Hah! Even Seo Young says Woo Jae is “a bit of a jerk!” And “pompous”! And Sam Jae said he was stubborn and had to get his way. But as with Ho Jeong, persistent true love overcomes any minor obstacles of compatibility or preference.

Sam Jae raises a good point when he wonders where Seo Young and Sang Woo got their smarts. Must’ve been mom.

Sheesh, all these if-onlys and coulda-beens. How far back are you gonna go with that? And you don’t really know how anything would’ve turned out. And now Seo Young blames herself for being born, because it interfered with her father’s career plans?! Like little embryo Seo Young had a choice about that?!

Ki Beom speaks very respectfully to Sam Jae, using polite speech, and addressing him as an elder. This can’t be the real Ki Beom. It must be the Stepford husband who replaced him. Ah, but now he’s planning other peoples’ lives. That’s more like the Ki Beom we know and hate.

Americans hug to say hello? Why didn’t anyone tell me? So, what do we do for good bye? See, this is why it’s important to watch Korean drama. I’ll bet all you anti-Kdrama snoots didn’t know you were supposed to be hugging either, did you? Come on now, admit it. I’ll accept your apology and we’ll hug, like Americans.

And Woo Jae proves Seo Young’s assessment of him. Didn’t someone say “cocky” in the last episode? Wait, he said that himself, right? I think he’s been reading Agent Booth’s belt buckle. But returning to Korea, it isn’t independence if someone else gives you permission, dude! It would serve him right if she called his bluff and went out with the yummy fashion photographer. But instead, she proposes to him. Sigh. Slow, slow learner.

Sang Wu offers Ho Jeong a large bouquet of flowers in front of their ornate front gate
Someone please explain to me what is so heart-melting about a gift of high heels? Is a trip to the podiatrist included? And seriously, Sang Woo never bought flowers for Mi Kyung?! Good thing he’s pretty.

Do you love Toms Everton as a substitute for Johns Hopkins as much as I do? It took me a minute, but once the penny dropped I was ROFL. So it looks like the Gyeong Ho/Mi Kyung connection remains professional, which is OK by me, because Gyeong Ho really is too smug for prime time. For a moment there, I could’ve sworn he was channeling Woo Jae.

Seoyoung's mother as a young woman visiting a temple
Brr, personally I do not like to sit on frozen things. And can the spirit of oma even hear them when her ashes are under ice? Note to guys: despite this romantic tale, wrecking a woman’s stuff is not actually a good way to meet your future wife. And being proposed to isn’t enough for Woo Jae? If he wanted a stalker, he had his chance with Seon Woo.

In case you’re wondering, strength is not considered to be a positive feminine trait in Korea, so when Sang Woo says Ho Jeong isn’t strong, he’s chivalrously defending her femininity. This is completely ridiculous since Ho Jeong is the most determinedly persistent and optimistic character in the whole drama, but that’s sexism for you.

If you thought the fact that the two couples are already married would prevent the drama from ending with a double wedding, you grossly underestimated Kdrama. But I didn’t even recognize Park Hae Jin at first. What a difference a part makes! Plus the white gloves on all the men were rather distracting. I kept expecting them to break out in a group mime dance number.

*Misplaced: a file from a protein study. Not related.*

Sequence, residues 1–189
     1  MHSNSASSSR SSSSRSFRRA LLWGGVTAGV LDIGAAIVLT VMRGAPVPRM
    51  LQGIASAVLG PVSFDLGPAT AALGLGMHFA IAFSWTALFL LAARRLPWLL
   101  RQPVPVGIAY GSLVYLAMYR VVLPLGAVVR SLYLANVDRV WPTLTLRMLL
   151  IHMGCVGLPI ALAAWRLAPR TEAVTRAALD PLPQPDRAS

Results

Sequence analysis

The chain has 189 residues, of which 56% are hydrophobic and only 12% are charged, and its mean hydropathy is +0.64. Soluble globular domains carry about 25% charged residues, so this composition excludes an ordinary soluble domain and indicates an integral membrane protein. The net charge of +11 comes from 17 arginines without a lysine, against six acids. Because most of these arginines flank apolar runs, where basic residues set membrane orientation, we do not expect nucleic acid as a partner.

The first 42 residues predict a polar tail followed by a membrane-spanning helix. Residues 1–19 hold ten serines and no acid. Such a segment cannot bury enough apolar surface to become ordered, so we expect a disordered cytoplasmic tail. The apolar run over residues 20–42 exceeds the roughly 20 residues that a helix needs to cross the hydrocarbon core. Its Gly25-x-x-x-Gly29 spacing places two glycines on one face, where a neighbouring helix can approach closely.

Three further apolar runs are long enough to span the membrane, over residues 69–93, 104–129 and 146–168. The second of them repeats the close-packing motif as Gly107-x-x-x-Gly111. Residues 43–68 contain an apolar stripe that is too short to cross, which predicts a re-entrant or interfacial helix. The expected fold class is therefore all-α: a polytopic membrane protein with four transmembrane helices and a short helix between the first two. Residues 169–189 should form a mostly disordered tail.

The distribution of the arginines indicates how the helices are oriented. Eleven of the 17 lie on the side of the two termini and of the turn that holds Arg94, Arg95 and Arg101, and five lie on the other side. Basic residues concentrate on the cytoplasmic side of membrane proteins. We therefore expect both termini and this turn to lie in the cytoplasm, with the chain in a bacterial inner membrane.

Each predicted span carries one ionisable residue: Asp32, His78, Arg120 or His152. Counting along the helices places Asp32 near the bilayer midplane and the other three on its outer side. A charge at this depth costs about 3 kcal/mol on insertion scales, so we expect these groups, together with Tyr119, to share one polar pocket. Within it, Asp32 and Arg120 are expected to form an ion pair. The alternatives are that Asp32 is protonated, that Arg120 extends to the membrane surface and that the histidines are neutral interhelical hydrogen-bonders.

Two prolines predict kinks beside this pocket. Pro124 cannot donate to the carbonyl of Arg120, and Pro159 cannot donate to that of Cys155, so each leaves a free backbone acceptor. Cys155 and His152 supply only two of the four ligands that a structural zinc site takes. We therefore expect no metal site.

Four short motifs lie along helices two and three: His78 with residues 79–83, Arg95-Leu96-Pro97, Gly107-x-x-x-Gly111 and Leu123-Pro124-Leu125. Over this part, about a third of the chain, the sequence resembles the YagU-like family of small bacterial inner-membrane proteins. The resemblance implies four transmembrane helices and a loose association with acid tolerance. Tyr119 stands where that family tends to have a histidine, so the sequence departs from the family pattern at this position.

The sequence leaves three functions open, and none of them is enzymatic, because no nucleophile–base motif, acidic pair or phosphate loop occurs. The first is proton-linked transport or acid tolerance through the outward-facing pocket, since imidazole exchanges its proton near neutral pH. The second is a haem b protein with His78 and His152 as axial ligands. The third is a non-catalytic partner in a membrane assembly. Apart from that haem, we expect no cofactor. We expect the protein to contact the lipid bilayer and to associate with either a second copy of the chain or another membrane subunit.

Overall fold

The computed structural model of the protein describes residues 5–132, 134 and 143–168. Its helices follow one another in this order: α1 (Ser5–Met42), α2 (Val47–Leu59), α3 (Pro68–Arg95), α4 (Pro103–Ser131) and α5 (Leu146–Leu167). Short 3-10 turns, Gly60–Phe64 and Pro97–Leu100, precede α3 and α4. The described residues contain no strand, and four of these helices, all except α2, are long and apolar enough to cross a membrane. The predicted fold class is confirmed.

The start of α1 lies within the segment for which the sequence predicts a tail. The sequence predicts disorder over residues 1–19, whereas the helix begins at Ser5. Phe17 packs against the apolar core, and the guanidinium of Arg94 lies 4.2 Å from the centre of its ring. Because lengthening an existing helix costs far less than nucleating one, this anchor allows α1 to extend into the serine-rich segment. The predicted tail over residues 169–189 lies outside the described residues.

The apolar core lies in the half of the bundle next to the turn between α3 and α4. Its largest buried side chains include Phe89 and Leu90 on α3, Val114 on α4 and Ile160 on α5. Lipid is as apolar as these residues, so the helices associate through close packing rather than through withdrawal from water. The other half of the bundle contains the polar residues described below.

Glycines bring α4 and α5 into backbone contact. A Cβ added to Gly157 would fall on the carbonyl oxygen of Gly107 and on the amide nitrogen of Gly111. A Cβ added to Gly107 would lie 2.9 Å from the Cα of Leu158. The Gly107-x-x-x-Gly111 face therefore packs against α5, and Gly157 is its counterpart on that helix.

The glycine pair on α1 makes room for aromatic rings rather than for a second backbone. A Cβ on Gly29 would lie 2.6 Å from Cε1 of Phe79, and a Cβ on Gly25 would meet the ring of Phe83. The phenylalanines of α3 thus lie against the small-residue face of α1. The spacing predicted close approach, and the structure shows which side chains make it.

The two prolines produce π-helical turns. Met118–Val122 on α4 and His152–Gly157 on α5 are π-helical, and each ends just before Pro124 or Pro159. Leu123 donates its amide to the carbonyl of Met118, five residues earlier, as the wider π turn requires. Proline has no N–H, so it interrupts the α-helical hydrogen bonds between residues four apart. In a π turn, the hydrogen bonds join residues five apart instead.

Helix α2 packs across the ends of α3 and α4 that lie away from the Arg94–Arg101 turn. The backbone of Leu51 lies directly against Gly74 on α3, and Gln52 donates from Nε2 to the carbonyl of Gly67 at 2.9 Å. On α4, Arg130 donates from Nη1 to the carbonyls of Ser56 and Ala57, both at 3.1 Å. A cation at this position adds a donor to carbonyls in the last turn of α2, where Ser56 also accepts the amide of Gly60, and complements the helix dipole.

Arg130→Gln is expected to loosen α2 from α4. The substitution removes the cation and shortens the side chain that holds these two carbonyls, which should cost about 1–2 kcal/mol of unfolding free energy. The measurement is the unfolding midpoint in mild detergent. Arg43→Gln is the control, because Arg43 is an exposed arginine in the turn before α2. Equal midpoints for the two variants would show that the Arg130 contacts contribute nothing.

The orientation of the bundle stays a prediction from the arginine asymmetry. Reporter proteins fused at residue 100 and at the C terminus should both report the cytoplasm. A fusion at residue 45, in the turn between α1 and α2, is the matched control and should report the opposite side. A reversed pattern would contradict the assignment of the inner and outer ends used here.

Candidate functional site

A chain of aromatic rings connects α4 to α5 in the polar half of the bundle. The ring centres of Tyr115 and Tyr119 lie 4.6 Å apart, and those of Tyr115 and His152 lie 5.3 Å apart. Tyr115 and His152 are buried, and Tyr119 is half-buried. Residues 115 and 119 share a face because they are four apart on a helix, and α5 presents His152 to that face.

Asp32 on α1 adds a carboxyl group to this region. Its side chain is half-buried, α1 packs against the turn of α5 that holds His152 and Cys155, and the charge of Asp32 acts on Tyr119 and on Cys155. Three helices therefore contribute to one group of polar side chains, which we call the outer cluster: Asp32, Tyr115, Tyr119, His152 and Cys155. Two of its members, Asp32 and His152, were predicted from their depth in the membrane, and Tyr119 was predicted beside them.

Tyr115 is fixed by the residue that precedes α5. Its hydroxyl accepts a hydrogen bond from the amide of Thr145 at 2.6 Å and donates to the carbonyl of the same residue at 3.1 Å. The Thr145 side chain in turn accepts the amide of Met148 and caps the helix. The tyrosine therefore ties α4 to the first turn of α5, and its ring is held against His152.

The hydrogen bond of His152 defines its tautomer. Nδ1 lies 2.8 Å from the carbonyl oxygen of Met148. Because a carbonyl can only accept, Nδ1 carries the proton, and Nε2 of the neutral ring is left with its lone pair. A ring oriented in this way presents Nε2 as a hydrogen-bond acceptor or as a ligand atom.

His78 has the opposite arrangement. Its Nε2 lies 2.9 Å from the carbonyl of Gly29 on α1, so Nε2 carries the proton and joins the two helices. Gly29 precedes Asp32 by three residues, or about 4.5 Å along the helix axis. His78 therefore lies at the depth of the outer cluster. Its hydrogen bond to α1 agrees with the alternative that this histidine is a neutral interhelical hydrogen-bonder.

But wait, it’s NOT the end. It’s a timeslip!

Poor So Ri. I’d hoped Sung Jae would’ve reunited with her by now.

Don’t you love the way they show that Mi Kyung is in the US by putting a cheeseburger in her hand, and (this is my favorite part) an American flag on the wall? What, no American Pie sound track?

So Ho Jeong needs a baby so she won’t look single? I don’t even know where to start.

I wonder whether it would be as OK for Seo Young to leave Sol at home with Ji Seon if she was a cut-throat corporate lawyer rather than a defender of at-risk youth. Sol is looking around like she’s trying to find her real mom and wondering, “who are these strangers who keep touching me?” Why did Seo Young and Woo Jae get rid of their western-style bed? So we wouldn’t worry about the baby falling on the floor while they slept? Is that even the same baby? She seems to have shrunk.

Small faces are considered beautiful in Korea, so only your family and your enemies would tell you your baby has a big face. Seo Young feels stiff, moved and sad when she looks at her daughter?? Subtitle check at this table, please! And was Ho Jeong really crying tears of happiness about the surprising news, or did she suddenly realize what she had gotten herself into by marrying a twin?

Alright, so everyone is married off, sprouting offspring, in good health, and/or successful in their career, plus they’re all one big combined happy family like the Brady Bunch. No scope for drama in marriage, child-rearing or business, right? So it must be time to say….
Seoyoung rocks in the chair her father made for her with her babay asleep in her lap as the sun sets behind the trees in the background
and they all lived happily ever after. The end.

Related posts:
My Daughter Seoyoung – Episode Reviews

4 comments to Seoyoung My Daughter – Episode 49-50 – Final episodes

  • lee hye ri

    what is the song in the ending title of the final episode ????

    • Mihansa

      Hi Hye Ri. That is an old and very well known song in the US. It is called Home, Sweet Home (although sometimes people call it “No Place Like Home,” which is a line in the chorus). It is most popular as a slow-paced, sentimental ballad, but it has has been performed in many styles. I can’t tell whether the Korean lyrics are the same as the English lyrics or not – here’s what they are in English, along with the history of the song.

  • lee hye ri

    Mihansa , thank u very much , i almost wasted all yesterday looking 4 it …. <3